Sometimes names can be misleading, and this can be especially true when translation is involved. Other personal outside influencing factors don’t help either. Recently, I have been learning how to play the card game Magic The Gathering. It’s fantasy based, and it is a million times more complicated than poker or canasta. Magic involves specialty character cards, and many of the them work and interact differently. It makes for a game of nearly infinite and hard-to-predict strategies. Since this a basically a fantasy, Dungeons and Dragons type game, many of these cards can have weird names. The following examples are made up by myself, but they speak to the oddity that sometimes is Magic The Gathering: Codex of Dubious Confusion, Library of Lesser but Real Horrors, and Spire of Ominous Despair. All of this, recently, had an effect on how I explored Changzhou.
While looking at Baidu Maps recently, I noticed something called 大悲禅寺 dàbēi chán sì. That literary translates as “big sad temple.” Since I was looking at this with my head in the Magic The Gathering fantasy world, I started to laugh. Binge listening to the Welcome to Night Vale podcast didn’t help. It’s a fictitious community radio broadcast filled with sinister dog parks filled with hooded figures and reports of supernatural happenings – yet, it has the humdrum, low-key delivery of America’s National Public Radio. In short, I projected my own personal culture onto Dabei Temple instead of thinking of a possible Chinese context. I thought if I went there, I might see a large statue dedicated to profuse weeping.
So, I set out on my ebike. This Buddhist place of worship is in northwestern Xinbei. It’s near the both Changzhou’s airport and the city border with Yangzhong. In short, this is not a place easily accessible by public buses. It is also a real place of religious worship and not something aimed at tourists. Eventually, I reached my destination by traveling down a dirt road.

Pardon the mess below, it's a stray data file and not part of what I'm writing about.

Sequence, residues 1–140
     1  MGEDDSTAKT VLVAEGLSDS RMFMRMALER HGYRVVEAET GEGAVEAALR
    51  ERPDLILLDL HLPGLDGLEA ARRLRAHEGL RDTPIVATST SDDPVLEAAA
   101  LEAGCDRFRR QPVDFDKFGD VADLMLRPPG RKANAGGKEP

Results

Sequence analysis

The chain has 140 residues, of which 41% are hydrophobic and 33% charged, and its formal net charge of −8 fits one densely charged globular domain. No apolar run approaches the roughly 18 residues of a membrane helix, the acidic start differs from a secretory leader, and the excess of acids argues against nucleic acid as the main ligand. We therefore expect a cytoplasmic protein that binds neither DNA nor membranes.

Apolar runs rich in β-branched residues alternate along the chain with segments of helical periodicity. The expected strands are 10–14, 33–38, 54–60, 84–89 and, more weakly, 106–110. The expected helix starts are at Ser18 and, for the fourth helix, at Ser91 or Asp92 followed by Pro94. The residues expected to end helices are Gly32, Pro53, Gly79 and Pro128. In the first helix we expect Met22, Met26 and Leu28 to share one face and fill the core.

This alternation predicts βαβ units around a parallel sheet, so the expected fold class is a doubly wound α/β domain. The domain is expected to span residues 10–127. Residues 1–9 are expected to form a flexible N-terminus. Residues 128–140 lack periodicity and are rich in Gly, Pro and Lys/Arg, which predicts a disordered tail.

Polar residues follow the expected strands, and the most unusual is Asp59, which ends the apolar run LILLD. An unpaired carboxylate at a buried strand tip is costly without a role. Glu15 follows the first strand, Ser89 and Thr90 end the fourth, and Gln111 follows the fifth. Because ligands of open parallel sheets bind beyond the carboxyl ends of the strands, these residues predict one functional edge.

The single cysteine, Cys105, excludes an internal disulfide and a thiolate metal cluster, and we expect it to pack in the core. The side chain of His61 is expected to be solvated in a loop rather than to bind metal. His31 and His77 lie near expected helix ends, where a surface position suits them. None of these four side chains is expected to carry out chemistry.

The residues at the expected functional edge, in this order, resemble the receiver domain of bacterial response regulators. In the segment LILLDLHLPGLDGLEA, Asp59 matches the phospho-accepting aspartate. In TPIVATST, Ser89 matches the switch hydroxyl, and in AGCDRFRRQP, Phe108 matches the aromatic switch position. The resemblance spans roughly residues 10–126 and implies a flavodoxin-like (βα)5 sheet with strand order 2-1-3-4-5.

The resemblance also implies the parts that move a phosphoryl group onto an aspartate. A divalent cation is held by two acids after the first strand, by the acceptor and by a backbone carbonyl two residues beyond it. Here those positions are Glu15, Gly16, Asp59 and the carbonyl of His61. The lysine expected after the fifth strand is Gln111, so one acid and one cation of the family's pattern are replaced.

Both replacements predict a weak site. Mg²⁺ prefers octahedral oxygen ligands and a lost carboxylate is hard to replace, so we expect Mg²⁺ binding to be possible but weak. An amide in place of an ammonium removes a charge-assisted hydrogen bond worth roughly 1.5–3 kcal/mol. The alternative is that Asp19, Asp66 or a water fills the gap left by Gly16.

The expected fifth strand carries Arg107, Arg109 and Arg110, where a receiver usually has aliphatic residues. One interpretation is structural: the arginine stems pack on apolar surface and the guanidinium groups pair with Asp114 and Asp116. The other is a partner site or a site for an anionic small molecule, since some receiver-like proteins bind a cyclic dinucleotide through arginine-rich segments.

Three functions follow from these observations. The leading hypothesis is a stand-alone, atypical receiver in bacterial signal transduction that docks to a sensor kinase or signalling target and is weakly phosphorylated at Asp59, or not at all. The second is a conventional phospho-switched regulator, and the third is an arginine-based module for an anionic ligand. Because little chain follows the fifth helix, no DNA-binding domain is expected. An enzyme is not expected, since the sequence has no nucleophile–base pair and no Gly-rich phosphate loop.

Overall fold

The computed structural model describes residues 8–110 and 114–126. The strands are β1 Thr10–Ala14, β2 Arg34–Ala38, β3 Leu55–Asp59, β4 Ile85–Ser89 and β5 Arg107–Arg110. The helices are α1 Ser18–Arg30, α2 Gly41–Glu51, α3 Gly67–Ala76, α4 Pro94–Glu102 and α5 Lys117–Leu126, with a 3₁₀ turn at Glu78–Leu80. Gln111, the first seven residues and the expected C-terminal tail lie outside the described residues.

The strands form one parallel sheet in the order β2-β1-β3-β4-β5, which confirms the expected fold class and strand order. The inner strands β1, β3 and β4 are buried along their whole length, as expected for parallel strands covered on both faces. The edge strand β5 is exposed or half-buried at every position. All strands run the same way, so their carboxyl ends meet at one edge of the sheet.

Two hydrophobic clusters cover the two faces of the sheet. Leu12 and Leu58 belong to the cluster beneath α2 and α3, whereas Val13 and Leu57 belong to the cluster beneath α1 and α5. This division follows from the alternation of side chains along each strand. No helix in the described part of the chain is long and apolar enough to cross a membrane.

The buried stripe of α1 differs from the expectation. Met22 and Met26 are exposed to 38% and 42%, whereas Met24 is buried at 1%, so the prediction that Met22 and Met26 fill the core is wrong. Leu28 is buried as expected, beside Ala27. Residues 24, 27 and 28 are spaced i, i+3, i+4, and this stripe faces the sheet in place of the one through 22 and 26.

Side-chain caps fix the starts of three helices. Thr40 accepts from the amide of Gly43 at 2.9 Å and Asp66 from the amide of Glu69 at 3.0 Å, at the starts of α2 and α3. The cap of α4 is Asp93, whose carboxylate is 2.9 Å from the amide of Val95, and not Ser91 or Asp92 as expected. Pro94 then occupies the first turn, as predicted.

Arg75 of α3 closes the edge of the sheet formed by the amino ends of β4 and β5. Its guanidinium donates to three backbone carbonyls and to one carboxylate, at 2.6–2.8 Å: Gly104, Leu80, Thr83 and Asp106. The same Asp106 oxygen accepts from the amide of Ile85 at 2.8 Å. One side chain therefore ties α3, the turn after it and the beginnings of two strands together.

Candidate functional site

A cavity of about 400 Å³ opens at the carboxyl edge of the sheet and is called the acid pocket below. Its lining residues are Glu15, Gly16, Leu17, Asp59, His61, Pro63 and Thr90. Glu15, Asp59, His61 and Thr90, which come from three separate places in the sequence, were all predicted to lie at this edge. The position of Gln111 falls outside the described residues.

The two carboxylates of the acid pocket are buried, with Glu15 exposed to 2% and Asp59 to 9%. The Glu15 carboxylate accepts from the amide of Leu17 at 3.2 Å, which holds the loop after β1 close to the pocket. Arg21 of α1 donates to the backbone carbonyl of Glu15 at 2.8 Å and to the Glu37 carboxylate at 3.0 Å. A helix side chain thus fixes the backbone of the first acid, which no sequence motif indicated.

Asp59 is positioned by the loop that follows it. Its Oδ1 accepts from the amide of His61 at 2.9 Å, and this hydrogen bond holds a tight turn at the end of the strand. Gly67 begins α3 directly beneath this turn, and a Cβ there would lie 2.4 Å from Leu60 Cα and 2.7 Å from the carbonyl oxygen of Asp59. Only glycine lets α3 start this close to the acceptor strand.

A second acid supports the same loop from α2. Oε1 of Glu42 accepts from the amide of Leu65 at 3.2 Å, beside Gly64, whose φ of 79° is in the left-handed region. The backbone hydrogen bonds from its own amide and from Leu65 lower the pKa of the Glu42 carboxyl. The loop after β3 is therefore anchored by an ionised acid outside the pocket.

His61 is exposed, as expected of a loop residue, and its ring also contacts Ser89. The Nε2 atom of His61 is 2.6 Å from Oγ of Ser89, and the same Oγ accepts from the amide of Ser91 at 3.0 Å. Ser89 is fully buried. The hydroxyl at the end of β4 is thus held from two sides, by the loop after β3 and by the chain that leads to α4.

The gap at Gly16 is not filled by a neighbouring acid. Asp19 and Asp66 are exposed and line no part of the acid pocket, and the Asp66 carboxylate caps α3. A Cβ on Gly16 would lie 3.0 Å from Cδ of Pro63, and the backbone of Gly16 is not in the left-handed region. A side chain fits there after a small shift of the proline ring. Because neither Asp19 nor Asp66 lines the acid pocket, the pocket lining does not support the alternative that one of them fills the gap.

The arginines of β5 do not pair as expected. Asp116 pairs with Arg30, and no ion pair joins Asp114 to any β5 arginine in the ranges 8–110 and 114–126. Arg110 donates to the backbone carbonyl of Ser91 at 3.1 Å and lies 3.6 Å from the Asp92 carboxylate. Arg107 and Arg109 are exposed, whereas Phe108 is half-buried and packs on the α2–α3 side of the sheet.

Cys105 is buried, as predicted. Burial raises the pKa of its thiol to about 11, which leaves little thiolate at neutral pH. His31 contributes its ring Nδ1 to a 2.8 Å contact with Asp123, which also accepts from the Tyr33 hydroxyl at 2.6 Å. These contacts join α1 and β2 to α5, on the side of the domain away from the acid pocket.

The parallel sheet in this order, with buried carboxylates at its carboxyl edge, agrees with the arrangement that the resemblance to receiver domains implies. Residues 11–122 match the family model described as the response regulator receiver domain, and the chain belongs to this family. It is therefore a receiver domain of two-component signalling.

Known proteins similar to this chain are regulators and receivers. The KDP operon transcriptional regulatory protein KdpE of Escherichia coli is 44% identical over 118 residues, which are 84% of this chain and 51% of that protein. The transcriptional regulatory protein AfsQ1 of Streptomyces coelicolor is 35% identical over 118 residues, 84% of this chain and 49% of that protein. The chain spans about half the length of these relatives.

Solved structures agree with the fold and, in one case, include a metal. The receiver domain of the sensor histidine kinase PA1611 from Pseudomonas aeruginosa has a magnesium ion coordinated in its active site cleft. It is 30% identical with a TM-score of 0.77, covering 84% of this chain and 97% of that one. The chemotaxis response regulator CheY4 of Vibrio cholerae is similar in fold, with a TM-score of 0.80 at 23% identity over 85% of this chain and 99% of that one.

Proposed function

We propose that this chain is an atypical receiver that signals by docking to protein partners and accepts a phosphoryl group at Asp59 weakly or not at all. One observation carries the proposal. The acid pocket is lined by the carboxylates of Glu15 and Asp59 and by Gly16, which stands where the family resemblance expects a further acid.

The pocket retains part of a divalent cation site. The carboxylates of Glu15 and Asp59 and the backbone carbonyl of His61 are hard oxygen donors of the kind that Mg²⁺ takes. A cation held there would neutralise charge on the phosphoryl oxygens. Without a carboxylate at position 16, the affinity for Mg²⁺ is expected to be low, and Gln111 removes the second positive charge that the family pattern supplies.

Dabei Temple quickly revealed itself.
As it turns out, Dabei Temple is neither “big” nor “sad.” It just happens to be an average countryside Buddhist temple in a very remote part of Xinbei.
It has the standard courtyard set up and grounds layout of small temples. This means a main hall with a few other nooks of worship and community space.
You have the usual sort of Buddha statue set up once you enter the main hall.
Behind that, there is a sculpture wall dedicated to Guanyin, a figure of divine compassion. This is also a pretty common thing in the layout of temple main halls in this area — Buddha upfront, Guanyin in rear.
Despite the fact that I have seen a lot of temples like this, I left this place feeling grateful. I got to see a part of Changzhou and Xinbei I have never been to before, but it reminded me something I had already known. It reminded me of a fundamental truth. I had just temporarily forgotten it due to my new obsession with Magic The Gathering and the great many professional distractions and obligations I have had over the last month. It’s this: you can’t make assumptions on things when translation is involved. Not only are you bringing your personal biases into a travel experience, but you are letting your native culture effect how you see a foriegn country. That is not a good thing.